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Wednesday, January 06, 2010

Media Whore D'Oeuvres



"The G2 was a stillborn idea, because Beijing doesn't want the responsibilities, even though the United States pushed hard for this framework at the Obama-Hu Jintao summit in November. That won't last in 2010. In the future, we'll look back at that summit as the peak of the relationship, and we'll see significant deterioration in U.S.-Chinese relations in the coming year. The problem isn't Obama or Hu; both want to avoid ruffling feathers. But there are too many structural pressures for it to last. The United States is looking for more (and more responsible) international leadership from the Chinese -- stakeholdership continues to be the mantra in policy circles. But as clearly evidenced on climate change during the Copenhagen summit, the Chinese have little national interest in taking a lead role. In 2010, we'll see this trend also play out on nuclear proliferation, reform of rules of the road for international trade and commerce, cyber-security, and security in Afghanistan, Iraq, and beyond." (Foreignpolicy)



"For years, the month of January has sent a cold winter chill down the spine of Condé Nast employees. It's the time of the Si Surprise! He returns to work from his December vacation spot in Vienna, takes a look at the numbers, waves his magic wand and sends some part of his company into hysteria. (Remember last January? He folded Domino.) But this year? It's a warm and cuddly Condé! CEO Chuck Townsend is taking time over the next few weeks to sit down with staffers at every magazine, hold their hands and tell them that everything is going to be just fine. 'It's a rah-rah speech,' said one attendee of his talk." (Observer)



"Without hesitation, the Chinese ambassador to the United Nations announced Beijing was not ready to impose additional sanctions against Iran, suspected by Western nations of trying to build an atomic bomb under the guise of nuclear energy. 'This is not the right time or right moment for sanctions because diplomatic efforts are still going on," Ambassador Zhang Yesui told reporters Tuesday. 'The efforts aimed at diplomatic negotiations on the Iranian nuclear issue still need some time and patience... A peaceful settlement of the Iranian nuclear issue through diplomatic means will be the best option, and is also in the common interest of the international community because sanctions itself is not an end.' The United States, Britain and France, permanent Security Council members, can impose unilateral sanctions but they need Russia and China to get them through the 15-member Council. And any Western sanctions can be subverted by trade moving through China and most likely Russia, as well as a host of other nations. Usually Beijing follows Moscow's lead on Iran, while China leads the way on North Korea. But diplomats said Beijing was taking a tougher line, independent from Russia, fearing sanctions would encroach on trade and on oil exports." (HuffPo)



"Turkmenistan and Iran opened a new natural-gas pipeline to much fanfare on January 6, but considering its relatively modest capacity, the ribbon-cutting ceremony might have more political significance than anything. Iranian President Mahmud Ahmadinejad arrived in the Turkmen capital on January 5 on the second leg of a Central Asian tour that began in Tajikistan and focused on regional and economic cooperation. Ahmadinejad picked up where he left off in Ashgabat, where he was expected to travel last week until an ongoing political crisis at home forced a delay. After a warm welcome from Turkmen President Gurbanguly Berdymukhammedov, the two leaders retreated for private talks that were expected to result in agreements furthering bilateral cooperation. The icing on the cake, however, is the opening of the Dovletabat-Sarakhs-Khangiran pipeline, which comes at an opportune moment for both countries, and which Ahmadinejad hailed today as an opportunity to strengthen ties. The pipeline, when fully operational, will more than double Turkmen gas exports to Iran -- from 8 billion cubic meters (bcm) annually to 20 bcm -- while furthering Ashgabat's efforts to lessen its dependence on Russian-operated export routes. For Iran, the new gas supplies will alleviate gas shortages in its northern regions, while showcasing its value as a trade partner in the Caspian region at a time when its reputation is under question. Iran boasts the second-largest gas reserves in the world, but its dependence on gas for half of its energy needs opens the way for trade with Turkmenistan, which has the world's fourth-largest reserves." (RadioFreeEurope)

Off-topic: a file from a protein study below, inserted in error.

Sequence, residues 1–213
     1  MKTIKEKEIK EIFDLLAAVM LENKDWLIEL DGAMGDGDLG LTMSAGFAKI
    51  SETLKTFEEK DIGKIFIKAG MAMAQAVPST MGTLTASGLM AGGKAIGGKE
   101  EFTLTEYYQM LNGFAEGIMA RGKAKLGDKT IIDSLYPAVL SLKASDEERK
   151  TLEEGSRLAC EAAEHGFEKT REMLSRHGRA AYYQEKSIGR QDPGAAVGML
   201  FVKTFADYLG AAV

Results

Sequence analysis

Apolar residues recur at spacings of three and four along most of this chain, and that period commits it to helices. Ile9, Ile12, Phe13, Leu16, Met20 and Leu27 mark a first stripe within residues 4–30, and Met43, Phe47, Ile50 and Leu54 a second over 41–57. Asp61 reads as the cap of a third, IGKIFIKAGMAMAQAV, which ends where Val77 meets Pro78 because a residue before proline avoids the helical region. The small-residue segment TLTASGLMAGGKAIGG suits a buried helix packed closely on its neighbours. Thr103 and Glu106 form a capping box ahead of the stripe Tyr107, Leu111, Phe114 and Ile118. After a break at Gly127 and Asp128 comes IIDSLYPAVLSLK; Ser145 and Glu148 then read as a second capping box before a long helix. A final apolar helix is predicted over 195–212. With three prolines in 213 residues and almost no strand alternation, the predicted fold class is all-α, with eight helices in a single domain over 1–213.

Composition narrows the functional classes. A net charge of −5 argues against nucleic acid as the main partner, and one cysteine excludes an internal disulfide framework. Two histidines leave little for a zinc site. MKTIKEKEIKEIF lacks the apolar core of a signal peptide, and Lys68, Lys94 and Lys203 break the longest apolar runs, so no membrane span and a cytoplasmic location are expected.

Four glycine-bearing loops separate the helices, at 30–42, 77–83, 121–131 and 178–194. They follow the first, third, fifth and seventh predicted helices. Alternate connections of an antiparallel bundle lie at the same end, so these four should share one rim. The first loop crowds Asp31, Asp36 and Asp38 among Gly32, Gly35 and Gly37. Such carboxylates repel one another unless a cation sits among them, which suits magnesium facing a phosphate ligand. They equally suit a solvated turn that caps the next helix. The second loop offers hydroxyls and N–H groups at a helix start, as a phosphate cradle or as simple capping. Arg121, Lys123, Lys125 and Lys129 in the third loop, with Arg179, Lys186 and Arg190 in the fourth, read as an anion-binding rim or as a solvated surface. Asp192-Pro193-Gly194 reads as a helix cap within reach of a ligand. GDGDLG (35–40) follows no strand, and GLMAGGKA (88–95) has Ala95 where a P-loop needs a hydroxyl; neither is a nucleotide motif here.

"Among the emails I got yesterday morning after the news broke was one from a writer friend who’s a veteran of the New York club scene of which Casey was a longtime hardcore habituee. He wrote: Shame about Casey Johnson. She always seemed like a poor soul to me – oddly dispirited for someone so young. My friend tapped it. I was reminded that that I too always saw her like that. You can even see it in the pictures." (NYSocialDiary)

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